McCorvey v. Alabama River Cellulose LLC et al

Filing 177

ORDER re: 149 Motion in Limine. The motion is denied as moot as to the McCollum incident and denied as to the Safe Shed. Signed by Chief Judge William H. Steele on 11/3/2014. (tgw)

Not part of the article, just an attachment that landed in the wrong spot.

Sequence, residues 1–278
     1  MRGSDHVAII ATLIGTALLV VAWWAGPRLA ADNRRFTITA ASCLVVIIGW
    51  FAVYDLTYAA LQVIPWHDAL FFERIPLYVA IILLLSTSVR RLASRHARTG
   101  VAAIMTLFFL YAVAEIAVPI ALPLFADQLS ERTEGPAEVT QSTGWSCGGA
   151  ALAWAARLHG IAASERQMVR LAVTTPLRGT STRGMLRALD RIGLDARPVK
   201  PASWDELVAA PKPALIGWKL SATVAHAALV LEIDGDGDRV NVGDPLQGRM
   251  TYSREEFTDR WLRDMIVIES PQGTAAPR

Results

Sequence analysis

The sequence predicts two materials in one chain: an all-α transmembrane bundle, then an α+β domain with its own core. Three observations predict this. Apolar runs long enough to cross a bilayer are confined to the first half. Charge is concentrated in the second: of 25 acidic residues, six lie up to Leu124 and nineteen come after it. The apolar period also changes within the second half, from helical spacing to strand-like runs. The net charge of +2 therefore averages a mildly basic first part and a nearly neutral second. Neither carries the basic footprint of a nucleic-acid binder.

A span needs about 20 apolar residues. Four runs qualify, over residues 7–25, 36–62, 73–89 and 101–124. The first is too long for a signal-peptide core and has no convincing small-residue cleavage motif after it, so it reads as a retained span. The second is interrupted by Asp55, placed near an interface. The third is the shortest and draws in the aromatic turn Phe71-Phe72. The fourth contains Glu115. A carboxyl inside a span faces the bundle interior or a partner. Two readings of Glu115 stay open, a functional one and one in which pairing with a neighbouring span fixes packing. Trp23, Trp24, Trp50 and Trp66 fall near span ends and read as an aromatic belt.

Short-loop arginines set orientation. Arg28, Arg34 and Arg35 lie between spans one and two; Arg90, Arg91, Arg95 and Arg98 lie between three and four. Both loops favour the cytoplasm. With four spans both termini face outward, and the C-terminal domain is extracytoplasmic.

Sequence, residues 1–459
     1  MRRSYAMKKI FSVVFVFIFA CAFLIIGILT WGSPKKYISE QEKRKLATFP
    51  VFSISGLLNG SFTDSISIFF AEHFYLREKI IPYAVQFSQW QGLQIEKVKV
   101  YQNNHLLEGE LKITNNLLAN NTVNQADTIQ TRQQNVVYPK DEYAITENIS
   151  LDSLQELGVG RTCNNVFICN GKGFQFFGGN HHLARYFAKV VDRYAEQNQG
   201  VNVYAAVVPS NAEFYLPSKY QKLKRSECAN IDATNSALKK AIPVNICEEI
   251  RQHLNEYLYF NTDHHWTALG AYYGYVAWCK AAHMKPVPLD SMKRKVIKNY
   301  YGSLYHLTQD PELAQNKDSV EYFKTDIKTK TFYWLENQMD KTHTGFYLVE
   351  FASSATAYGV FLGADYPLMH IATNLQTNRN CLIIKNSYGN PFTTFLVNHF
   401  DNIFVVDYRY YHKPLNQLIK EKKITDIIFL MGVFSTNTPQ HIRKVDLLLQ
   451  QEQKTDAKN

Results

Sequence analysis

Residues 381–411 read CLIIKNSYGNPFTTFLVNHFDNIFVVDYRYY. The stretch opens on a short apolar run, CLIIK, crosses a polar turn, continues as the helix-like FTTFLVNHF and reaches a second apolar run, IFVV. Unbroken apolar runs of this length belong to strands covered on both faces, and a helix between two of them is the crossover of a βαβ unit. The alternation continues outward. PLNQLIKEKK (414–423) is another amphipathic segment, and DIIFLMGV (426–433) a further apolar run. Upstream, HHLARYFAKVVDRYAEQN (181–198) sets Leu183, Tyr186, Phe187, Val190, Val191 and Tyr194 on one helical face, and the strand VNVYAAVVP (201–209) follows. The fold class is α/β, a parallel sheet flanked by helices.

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IN THE UNITED STATES DISTRICT COURT FOR THE SOUTHERN DISTRICT OF ALABAMA SOUTHERN DIVISION DAVID EARL MCCORVEY, JR., ) ) Plaintiff, ) ) v. ) CIVIL ACTION 13-0118-WS-N ) ALABAMA RIVER CELLULOSE, LLC, ) et al., ) ) Defendants. ) ORDER This matter is before the Court on the defendant’s motion in limine to exclude testimony regarding the safe shed and the McCollum incident. (Doc. 149). The parties have filed briefs and evidentiary materials in support of their respective positions, (Docs. 150, 174), and the motion is ripe for resolution. I. McCollum Incident. The “McCollum incident” addresses events of February 17, 2011. (Doc. 120-9 at 37). The plaintiff agrees not to present testimony or other evidence about the McCollum incident unless the defendant opens the door by suggesting it is impossible for a log to fall from the Powerfeed in such a manner as to hit a log truck on the unloading pad. (Doc. 174 at 1-2). Accordingly, this portion of the motion in limine is denied as moot. II. Safe Shed. There is evidence that the defendant required drivers such as the plaintiff to leave their trucks and enter a “safe shed,” and there is evidence that the plaintiff was in the process of doing so when he was struck by a log ejected from the Powerfeed. There is also evidence that, after the McCollum incident (which post- dates the plaintiff’s incident), the safe shed was moved to a location more remote from the Powerfeed. The defendant argues that evidence regarding the “location and relocation” of the safe shed is irrelevant and that evidence of its relocation is inadmissible as a subsequent remedial measure. (Doc. 150 at 2, 5-6). The plaintiff responds that evidence of the safe shed’s location at the time of his incident is relevant because it helps explain why he was where he was at the time of the incident. (Doc. 174 at 2-3). The Court agrees. “When measures are taken that would have made an earlier injury or harm less likely to occur, evidence of the subsequent measures is not admissible to prove” negligence, culpable conduct, defect in a product or its design, or the need for a warning or instruction. Fed. R. Evid. 407. “But the court may admit this evidence for another purpose, such as impeachment or – if disputed – proving ownership, control, or the feasibility of precautionary measures.” Id. As the plaintiff notes, (Doc. 174 at 4-5), the defendant has not attempted to show, or even to assert, that his injury would have been less likely to occur had the safe shed been in its current location. Without showing that Rule 407 applies, the defendant cannot obtain relief. The plaintiff continues that, even if Rule 407 applies, he may introduce visual evidence of the property that depicts the current location of the safe shed, because he offers the evidence “for another purpose,” specifically, to orient the jury to the condition and configuration of the scene; to show where he and his truck were in relation to the Powerfeed; to show where he was headed (and thus why he was where he was when he was struck); and to show (from the video) a log being ejected from the Powerfeed. (Doc. 174 at 5-7). The Court agrees that use of the evidence for these purposes does not offend Rule 407 even were the defendant to establish the rule’s applicability. The plaintiff denies any purpose of pointing out to the jury from the visual evidence that the safe shed had been moved after his incident. (Doc. 174 at 6). Nevertheless, the plaintiff claims he is entitled to present other, unidentified 2 evidence regarding the movement of the safe shed in order to “show the feasibility that the Safe Shed could have been located away from the Powerfeed.” (Id. at 67). If Rule 407 applies, however, feasibility of precautionary measures is a proper purpose for introducing evidence of subsequent remedial measures only if such feasibility is disputed by the defendant, and there is no suggestion that the defendant denies the safe shed could have been relocated earlier. For the reasons set forth above, the defendant’s motion in limine as to the safe shed is denied.1 DONE and ORDERED this 3rd day of November, 2014. s/ WILLIAM H. STEELE CHIEF UNITED STATES DISTRICT JUDGE   1 The plaintiff has identified excerpts from McCollum’s video deposition for use at trial, (Doc. 160 at 1-2), to which the defendant has objected. (Doc. 168). If the Court’s ruling herein, and/or the plaintiff’s decision not to address the McCollum incident, do not moot all the defendant’s objections, the parties are ordered to file, on or before November 4, 2014, a joint list of remaining objections, along with a copy of the deposition pages necessary to resolve those objections. If McCollum’s deposition will no longer be presented by video, the parties are ordered to file a joint statement to that effect, which will obviate pre-trial ruling on the objections. 3

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